9. Pathfinder: Wrath of the Righteous
Pathfinder: Wrath of the Righteous is robust. There are 25 classes and 12 races to choose from when you build a character. Classes have their own unique look — rangers wear a hood, paladins wear heavy armor — but you can change certain elements by giving them armor during the journey.
10. Dragon Age: Inquisition
Elves, humans, dwarves, and Qunari make up the characters you’ll be able to choose from in Dragon Age. While it isn’t a lot when compared to other games, it fits the lore of the world. One of our favorite things about the character customization options for Dragon Age is the clothing. There are so many outfits to find and equip in the game and you can customize the color and style of them as well. You can tailor outfits to fit the personality and skill of your specific character.
Seeing your character come to life in a video game can give them more life in your writing. Watching them move around the map or interact with objects and characters can give you new ideas in roleplaying them at the table. Give it a thought the next time you sit down to play.
Visualizing a character in a book series or tabletop game is all up to the imagination. Authors, readers, and players have an idea of how a character looks but they both may be entirely different from one another. No two will see a character the same, and that’s a good thing. As long as the author describes how they look, the reader forms a complete image in their head.
Yet, as authors ourselves, we like to see our characters come to life. To get a better picture of them, we turn to art and video games. Along with Talia’s original art of each character, making them in video games is a great way to take them from our imagination.
Whether you’re an author or a reader, here are some of our favorite video game character creators.
1. Elder Scrolls Online
Elder Scrolls Online is a game where you’ll spend plenty of time with your character. The world is massive and you’ll spend hours adventuring across Tamriel so having a character you enjoy playing is key. Even more so, having one that is nice to look at is a bonus. The game is beautiful and provides so many customization options for your character.
From their height, build, muscles, and race, there is plenty to choose from. There are even accessories to go through and several hairstyles and colors to choose from. Though we’ll count off a few points for not having dwarf as a race but that’s more related to lore than a problem of the creator. For those who want to play a dwarf, as we do for our character Ruuda, we suggest making a dark elf and roleplaying them as a dwarf, or dwemer in Elder Scrolls lore.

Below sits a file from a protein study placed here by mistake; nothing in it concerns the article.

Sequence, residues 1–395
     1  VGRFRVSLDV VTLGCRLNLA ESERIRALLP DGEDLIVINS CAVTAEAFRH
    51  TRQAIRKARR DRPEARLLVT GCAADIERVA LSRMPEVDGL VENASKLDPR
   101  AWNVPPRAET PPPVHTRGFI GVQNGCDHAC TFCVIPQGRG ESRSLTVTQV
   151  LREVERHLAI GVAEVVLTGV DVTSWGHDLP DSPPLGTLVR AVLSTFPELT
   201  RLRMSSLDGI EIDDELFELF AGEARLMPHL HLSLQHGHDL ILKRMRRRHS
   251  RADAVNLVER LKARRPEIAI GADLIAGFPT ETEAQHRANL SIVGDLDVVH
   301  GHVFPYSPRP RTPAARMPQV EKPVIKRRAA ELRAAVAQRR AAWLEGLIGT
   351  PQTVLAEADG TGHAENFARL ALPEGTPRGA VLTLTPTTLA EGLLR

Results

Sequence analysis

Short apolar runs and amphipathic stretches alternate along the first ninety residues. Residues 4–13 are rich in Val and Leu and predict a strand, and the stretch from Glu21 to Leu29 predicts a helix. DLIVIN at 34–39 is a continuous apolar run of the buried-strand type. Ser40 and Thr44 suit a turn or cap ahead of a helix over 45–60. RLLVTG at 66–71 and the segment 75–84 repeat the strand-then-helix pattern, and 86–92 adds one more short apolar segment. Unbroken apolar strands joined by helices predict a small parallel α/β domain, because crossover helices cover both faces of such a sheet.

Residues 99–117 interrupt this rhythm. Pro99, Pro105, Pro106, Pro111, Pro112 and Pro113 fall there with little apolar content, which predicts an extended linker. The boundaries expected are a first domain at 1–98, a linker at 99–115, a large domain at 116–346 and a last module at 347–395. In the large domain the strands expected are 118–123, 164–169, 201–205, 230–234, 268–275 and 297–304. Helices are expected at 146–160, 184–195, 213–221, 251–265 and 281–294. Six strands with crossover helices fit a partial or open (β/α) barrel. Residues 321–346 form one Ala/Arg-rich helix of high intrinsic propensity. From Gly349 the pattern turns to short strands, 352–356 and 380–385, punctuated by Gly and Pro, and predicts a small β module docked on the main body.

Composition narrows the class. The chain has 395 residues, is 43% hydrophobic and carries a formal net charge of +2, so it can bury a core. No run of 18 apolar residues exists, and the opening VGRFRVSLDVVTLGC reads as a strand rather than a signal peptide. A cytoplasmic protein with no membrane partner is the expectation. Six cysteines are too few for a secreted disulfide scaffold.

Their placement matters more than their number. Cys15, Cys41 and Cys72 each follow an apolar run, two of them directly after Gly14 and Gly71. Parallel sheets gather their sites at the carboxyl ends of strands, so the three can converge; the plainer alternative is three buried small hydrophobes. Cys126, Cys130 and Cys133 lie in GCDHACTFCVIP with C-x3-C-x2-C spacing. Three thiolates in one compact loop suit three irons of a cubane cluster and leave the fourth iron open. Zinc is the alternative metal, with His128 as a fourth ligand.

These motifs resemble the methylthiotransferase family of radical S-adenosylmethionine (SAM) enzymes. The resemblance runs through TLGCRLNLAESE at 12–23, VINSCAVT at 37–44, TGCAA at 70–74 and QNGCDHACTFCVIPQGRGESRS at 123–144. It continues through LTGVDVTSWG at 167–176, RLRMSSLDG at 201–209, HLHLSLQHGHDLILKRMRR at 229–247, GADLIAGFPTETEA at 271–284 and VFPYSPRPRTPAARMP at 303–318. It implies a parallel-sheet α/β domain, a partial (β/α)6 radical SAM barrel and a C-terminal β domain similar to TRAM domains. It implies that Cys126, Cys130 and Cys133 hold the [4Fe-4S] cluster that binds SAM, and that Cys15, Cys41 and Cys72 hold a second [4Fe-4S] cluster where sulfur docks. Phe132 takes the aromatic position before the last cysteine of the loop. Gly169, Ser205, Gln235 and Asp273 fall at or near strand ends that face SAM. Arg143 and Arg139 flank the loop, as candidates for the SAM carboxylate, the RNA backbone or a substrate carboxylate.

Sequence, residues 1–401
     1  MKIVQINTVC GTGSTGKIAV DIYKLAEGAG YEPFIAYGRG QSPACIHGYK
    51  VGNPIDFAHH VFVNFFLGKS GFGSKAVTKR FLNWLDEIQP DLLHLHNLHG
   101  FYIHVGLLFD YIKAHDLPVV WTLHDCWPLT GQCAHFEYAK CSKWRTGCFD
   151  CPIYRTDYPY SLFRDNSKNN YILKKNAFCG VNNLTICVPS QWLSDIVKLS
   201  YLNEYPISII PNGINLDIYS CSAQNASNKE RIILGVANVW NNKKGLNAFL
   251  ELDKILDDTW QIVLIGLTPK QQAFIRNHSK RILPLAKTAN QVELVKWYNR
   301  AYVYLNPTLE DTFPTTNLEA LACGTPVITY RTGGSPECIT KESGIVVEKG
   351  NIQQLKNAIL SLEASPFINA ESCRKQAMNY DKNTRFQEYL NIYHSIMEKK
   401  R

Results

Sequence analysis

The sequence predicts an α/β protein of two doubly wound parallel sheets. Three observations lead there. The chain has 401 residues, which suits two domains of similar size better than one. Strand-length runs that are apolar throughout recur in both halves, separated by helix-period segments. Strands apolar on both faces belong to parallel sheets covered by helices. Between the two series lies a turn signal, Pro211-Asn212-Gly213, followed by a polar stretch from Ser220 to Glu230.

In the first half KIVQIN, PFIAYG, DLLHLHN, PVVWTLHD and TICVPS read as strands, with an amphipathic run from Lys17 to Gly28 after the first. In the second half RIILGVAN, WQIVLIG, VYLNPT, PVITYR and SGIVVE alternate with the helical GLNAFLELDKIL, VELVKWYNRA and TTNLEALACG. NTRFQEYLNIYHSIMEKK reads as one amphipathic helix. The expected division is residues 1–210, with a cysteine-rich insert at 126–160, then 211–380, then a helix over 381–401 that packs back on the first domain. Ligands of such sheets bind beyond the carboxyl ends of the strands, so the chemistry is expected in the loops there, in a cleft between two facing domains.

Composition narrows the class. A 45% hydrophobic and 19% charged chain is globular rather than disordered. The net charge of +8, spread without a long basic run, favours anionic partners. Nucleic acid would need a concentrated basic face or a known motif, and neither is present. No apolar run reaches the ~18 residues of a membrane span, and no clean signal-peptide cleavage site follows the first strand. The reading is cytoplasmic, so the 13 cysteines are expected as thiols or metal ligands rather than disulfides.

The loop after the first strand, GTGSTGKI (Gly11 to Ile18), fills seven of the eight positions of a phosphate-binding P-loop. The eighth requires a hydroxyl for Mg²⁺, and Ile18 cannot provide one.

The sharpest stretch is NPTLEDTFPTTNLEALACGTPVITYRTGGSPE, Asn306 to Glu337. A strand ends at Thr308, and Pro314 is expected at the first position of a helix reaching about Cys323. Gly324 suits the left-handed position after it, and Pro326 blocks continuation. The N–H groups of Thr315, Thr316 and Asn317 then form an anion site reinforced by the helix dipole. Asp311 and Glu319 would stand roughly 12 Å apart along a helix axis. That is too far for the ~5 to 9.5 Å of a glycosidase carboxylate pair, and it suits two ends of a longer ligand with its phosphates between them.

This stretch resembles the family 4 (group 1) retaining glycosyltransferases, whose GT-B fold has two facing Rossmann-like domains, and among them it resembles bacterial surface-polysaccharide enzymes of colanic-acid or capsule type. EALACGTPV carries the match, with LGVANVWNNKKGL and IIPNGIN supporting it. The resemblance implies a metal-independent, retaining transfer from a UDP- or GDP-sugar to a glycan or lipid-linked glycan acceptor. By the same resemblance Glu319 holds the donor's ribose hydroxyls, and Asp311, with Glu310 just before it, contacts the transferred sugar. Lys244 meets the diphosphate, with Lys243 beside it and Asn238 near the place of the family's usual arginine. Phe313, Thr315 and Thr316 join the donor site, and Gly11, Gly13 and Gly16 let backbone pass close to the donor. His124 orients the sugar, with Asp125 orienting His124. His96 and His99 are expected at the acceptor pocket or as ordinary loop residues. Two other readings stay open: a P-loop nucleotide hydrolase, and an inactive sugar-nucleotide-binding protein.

Once you’re through with customizing your character, the next best thing is selecting their clothing. Which can be done an unlimited amount of times throughout the game.
2. Baldur’s Gate 3
Baldur’s Gate 3 is one of those games that just keeps giving. While the first two came with character creation, they were halted by the era in which they were released. Characters were little more than pixels on a screen, and while you could tell what class and race they were, it was difficult to make out finer details.
The technology of today allows for a wider range of character customization options. You’ll be able to build just about any book character you can imagine in the game — even more when it’s fully released. However, for those who want to make their character taller or smaller, you’re out of luck, at least for now. One day it would be nice to see drow women taller than drow men. Getting the lackluster part out of the way, one of our favorite additions is the ability to have two-toned hair. A great option for characters with wild hair such as Ruuda.
3. Solasta: Crown of the Magister
Solasta is what Dungeons & Dragons looks like when taken from a tabletop game to a video game. It’s a near exact adaptation and it works rather well. Its character creation is simple when compared to others but it’s no less worthy of being on our list. When you make a character, you choose their race and class, the class is the important part we’re focusing on here.
Classes come with their own clothing and weapons. So, if you are wanting to build an archer character from a book series you like, go for the ranger. Or perhaps you want to see what a thief may look like, select the rogue class to get a character with dual daggers and light armor. You can even give them a tattoo or face paint to hide their identity.
4. Elden Ring
You’ll spend a lot of time dying in Elden Ring, but its character builder is a worthy rival for stealing your time. It is one of the most dynamic creation systems we’ve come across. You can make characters any color you wish, which is great for making dark elves, dwarves, gnomes, and dragonborn-type characters. Everything is so in-depth, from your character’s hair to their eyes, nose, and mouth.
Choosing your starting class also gives you fun clothing and weapons. So, a mage will start with a staff and robes while a fighter will have armor and a weapon like a sword. Once you’re in the game properly, you can find several weapons and clothing to choose from to better equip and detail the specific character you are building. The one major downside is there isn’t a slider for height.
5. Kingdoms of Amalur: Re-reckoning
Kingdoms of Amalur is one of Dorian’s favorite games. Well before Thread of Soulswas conceptualized, he made characters just for fun, never having one that was his own. That is until characters such as Ruuda, Taliesin, or Jasita came along. Now, in every game he’ll build a character from Thread of Souls. Kingdoms of Amalur was one of the first that comes to mind.